Guidelines for Authors Submitting Articles
Feminist Teacher seeks well-written and accessible essays, articles, course descriptions, and annotated bibliographies from a variety of feminist viewpoints. Feminist Teacher reaches educators in a variety of disciplines and at all grade levels – grade school through graduate school – in traditional as well as nontraditional classroom settings. We ask authors to keep the diversity of this audience in mind and to avoid technical or abstract language. Some articles may include a course description and/or syllabus. To make these as useful and accessible as possible to readers, we ask that contributors include full citations of all texts as well as a brief introduction to clarify the background, primary concerns, or other important aspects of the class or material.
Manuscript Preparation: Manuscripts should be submitted in MS Word or rich text format. Manuscripts should be double-spaced on 8 1/2 x 11 pages. While there is no set page length, most manuscripts will be between 20 and 30 pages. For review purposes, do not include any identifying information in the submission file. Your contact information will be linked to the file via the submission management system. Please submit an abstract (about 100 words) and a very short biographical sketch (about 50 words) in the space provided when you submit your manuscript.
All manuscripts are acknowledged when received, without obligation for publication. The editorial collective will decide on manuscripts and notify the author, usually within six months. Authors of accepted articles will be asked to make revisions, or the editors may make revisions with the author's approval. All contributors are asked to sign a copyright transfer agreement.
Permission: We must know if a submission has been published previously, and we cannot accept any manuscript that is concurrently under consideration with another journal.
References: Contributors should refer to The MLA Handbook (7th ed.). All references must be closely checked to determine that dates and spellings are correct. Use parenthetical references. The reference list at the end of an article should be alphabetized by author; multiple works of one author should be ordered chronologically, and each entry should include full first and last names, not initials. Entries should appear as follows (if you are reading this in an electronic version, please note that book and journal titles should be italicized even though they may not appear so here; see The MLA Handbook for further examples):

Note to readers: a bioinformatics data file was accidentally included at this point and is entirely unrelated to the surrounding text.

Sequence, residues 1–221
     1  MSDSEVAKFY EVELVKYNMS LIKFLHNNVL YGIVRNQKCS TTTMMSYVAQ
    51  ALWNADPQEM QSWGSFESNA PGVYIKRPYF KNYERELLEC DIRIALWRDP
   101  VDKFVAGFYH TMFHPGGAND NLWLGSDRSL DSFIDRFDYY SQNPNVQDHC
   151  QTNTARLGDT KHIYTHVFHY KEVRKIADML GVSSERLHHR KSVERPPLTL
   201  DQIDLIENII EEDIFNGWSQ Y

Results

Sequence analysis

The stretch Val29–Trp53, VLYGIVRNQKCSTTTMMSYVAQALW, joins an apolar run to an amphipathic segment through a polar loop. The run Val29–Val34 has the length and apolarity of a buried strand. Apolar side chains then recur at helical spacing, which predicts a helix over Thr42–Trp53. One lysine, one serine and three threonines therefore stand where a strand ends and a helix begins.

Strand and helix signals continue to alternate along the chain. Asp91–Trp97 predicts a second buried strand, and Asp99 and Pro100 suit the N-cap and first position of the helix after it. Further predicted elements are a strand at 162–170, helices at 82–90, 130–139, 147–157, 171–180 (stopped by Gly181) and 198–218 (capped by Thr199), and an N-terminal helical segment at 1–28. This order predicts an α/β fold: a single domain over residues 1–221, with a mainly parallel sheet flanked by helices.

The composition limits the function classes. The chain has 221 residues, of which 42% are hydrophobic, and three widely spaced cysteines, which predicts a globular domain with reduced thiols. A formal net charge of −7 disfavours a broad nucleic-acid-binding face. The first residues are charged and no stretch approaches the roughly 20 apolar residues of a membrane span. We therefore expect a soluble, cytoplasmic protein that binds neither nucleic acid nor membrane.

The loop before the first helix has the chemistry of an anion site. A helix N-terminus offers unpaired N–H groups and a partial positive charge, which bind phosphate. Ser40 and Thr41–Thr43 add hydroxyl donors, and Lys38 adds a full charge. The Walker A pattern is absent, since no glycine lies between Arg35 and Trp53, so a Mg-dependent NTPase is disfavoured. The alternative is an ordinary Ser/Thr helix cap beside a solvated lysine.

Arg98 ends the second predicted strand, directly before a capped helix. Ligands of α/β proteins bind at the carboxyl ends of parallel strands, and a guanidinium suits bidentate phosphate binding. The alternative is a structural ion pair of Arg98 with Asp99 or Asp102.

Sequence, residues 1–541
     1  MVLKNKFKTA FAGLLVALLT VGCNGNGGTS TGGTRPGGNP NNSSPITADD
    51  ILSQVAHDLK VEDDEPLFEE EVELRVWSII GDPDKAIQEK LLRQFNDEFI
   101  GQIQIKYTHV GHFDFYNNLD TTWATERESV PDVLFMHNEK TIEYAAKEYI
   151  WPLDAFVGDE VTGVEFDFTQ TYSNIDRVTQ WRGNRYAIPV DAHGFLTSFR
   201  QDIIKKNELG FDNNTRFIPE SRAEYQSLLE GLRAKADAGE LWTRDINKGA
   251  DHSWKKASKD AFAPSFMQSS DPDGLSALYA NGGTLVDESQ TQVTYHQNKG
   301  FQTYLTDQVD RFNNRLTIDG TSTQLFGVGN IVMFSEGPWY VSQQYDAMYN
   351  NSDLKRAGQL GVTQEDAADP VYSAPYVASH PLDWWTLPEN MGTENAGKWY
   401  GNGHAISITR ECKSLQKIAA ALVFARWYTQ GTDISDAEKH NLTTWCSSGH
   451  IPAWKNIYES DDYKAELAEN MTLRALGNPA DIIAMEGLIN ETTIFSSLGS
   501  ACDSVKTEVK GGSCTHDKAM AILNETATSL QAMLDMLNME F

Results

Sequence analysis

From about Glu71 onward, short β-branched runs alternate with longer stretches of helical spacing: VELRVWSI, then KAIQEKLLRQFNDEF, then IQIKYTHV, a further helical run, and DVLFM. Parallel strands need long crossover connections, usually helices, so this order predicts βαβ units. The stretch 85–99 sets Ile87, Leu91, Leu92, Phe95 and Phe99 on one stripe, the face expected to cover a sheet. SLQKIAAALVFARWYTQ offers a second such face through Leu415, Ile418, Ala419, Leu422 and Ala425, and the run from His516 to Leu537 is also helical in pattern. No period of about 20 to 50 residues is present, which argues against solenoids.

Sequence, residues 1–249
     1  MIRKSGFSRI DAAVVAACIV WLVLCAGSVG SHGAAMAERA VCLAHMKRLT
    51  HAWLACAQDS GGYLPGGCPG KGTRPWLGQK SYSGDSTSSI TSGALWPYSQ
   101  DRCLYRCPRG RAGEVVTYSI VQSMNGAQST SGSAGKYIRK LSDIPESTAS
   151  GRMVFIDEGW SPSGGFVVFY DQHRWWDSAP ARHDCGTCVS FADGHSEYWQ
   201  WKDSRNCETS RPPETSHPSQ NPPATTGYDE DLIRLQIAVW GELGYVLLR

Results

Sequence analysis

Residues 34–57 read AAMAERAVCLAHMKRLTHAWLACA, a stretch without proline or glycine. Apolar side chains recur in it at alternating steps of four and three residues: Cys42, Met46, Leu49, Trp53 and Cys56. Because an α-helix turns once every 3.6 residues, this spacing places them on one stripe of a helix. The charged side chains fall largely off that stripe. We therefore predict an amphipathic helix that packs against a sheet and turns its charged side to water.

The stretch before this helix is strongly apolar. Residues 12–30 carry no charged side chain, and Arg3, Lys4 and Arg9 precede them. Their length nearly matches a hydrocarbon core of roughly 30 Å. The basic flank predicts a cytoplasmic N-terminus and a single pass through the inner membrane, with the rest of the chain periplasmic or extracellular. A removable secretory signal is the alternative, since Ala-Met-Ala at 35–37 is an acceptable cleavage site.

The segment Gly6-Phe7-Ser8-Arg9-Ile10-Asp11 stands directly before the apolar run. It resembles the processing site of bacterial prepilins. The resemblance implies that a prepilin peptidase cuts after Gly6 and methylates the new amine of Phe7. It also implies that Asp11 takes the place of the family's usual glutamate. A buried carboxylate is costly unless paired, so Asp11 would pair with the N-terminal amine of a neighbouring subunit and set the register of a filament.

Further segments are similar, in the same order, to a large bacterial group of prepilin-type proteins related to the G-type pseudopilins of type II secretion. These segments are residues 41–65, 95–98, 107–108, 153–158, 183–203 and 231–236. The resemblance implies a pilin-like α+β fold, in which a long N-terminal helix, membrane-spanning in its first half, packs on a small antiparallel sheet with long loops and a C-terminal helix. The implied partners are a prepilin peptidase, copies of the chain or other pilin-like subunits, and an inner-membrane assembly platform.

Carpenter, Cari M. “Feminist Technologies and the Women’s Studies Classroom.” Kairos: A Journal for Teachers of Writing Webbed Environments 7, no. 2, May 9, 2002. http://english.ttu.edu/kairos/7.2 (29 August 2002).
Gallop, Jane. Anecdotal Theory. Durham, NC: Duke UP, 2002.
Henry, Annette. 1995. “Growing Up Black, Female, and Working Class: A Teacher’s Narrative.” Anthropology and Education Quarterly 26 (1995): '9–305.
Ritchie, Joy, and Kate Ronald. 1998. “Riding Long Coattails, Subverting Tradition: The Tricky Business of Feminists Teaching Rhetoric(s).” In Feminism and Composition Studies, ed. Susan C. Jarratt and Lynn Worsham, 217-38. New York: MLA.
Electronic Submission: Upload your files to our new electronic manuscript submission system. This secure, personalized resource will allow you to track your manuscript through each step of the acceptance and review process. To begin, click here to set up your personal account and upload your submission. These will be reviewed as soon as possible. Thank you for considering the Feminist Teacher.
Collage as a Critical Practice in Pedagogy
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Edited by Pradeep Dhillon
A Guide for the Academy
Regina F. Bendix, Kilian Bizer, and Dorothy Noyes
The Promise and Peril Facing Blue-Collar America
Robert Owen Carr with Dirk Johnson
Building the University of Illinois Campus
Lex Tate and John Franch
Scholar Activism and Working-Class Studies
Edited by Dennis Deslippe, Eric Fure-Slocum, and John W. McKerley
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Engine of Innovation
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A University of Illinois Coloring Book
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Joe Paterno, Jerry Sandusky, and the Crises in Penn State Athletics
Ronald A. Smith